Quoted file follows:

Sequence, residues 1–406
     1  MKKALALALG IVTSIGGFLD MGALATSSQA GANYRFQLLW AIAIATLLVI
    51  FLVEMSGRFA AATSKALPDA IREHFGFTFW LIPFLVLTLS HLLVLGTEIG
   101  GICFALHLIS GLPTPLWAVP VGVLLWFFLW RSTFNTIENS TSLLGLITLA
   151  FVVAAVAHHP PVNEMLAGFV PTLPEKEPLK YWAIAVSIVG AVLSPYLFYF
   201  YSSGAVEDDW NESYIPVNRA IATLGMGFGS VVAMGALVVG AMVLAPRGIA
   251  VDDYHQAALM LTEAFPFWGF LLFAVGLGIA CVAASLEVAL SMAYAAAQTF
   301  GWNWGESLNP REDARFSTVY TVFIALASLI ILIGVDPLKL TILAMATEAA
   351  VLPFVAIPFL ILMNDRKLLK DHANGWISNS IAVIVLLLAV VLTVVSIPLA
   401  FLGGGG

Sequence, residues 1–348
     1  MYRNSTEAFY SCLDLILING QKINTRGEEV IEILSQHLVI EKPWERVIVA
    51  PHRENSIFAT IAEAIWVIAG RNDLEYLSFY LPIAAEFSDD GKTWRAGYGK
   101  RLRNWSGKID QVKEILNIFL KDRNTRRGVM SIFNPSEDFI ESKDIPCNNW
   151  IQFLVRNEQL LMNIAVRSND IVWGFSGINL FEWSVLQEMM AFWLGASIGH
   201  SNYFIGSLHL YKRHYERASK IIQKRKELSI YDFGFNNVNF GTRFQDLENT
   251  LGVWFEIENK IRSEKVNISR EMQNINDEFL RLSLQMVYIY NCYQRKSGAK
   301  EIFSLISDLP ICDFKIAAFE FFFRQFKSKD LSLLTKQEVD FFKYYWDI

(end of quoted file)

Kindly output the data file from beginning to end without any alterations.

Sequence, residues 1–406
     1  MKKALALALG IVTSIGGFLD MGALATSSQA GANYRFQLLW AIAIATLLVI
    51  FLVEMSGRFA AATSKALPDA IREHFGFTFW LIPFLVLTLS HLLVLGTEIG
   101  GICFALHLIS GLPTPLWAVP VGVLLWFFLW RSTFNTIENS TSLLGLITLA
   151  FVVAAVAHHP PVNEMLAGFV PTLPEKEPLK YWAIAVSIVG AVLSPYLFYF
   201  YSSGAVEDDW NESYIPVNRA IATLGMGFGS VVAMGALVVG AMVLAPRGIA
   251  VDDYHQAALM LTEAFPFWGF LLFAVGLGIA CVAASLEVAL SMAYAAAQTF
   301  GWNWGESLNP REDARFSTVY TVFIALASLI ILIGVDPLKL TILAMATEAA
   351  VLPFVAIPFL ILMNDRKLLK DHANGWISNS IAVIVLLLAV VLTVVSIPLA
   401  FLGGGG

Sequence, residues 1–348
     1  MYRNSTEAFY SCLDLILING QKINTRGEEV IEILSQHLVI EKPWERVIVA
    51  PHRENSIFAT IAEAIWVIAG RNDLEYLSFY LPIAAEFSDD GKTWRAGYGK
   101  RLRNWSGKID QVKEILNIFL KDRNTRRGVM SIFNPSEDFI ESKDIPCNNW
   151  IQFLVRNEQL LMNIAVRSND IVWGFSGINL FEWSVLQEMM AFWLGASIGH
   201  SNYFIGSLHL YKRHYERASK IIQKRKELSI YDFGFNNVNF GTRFQDLENT
   251  LGVWFEIENK IRSEKVNISR EMQNINDEFL RLSLQMVYIY NCYQRKSGAK
   301  EIFSLISDLP ICDFKIAAFE FFFRQFKSKD LSLLTKQEVD FFKYYWDI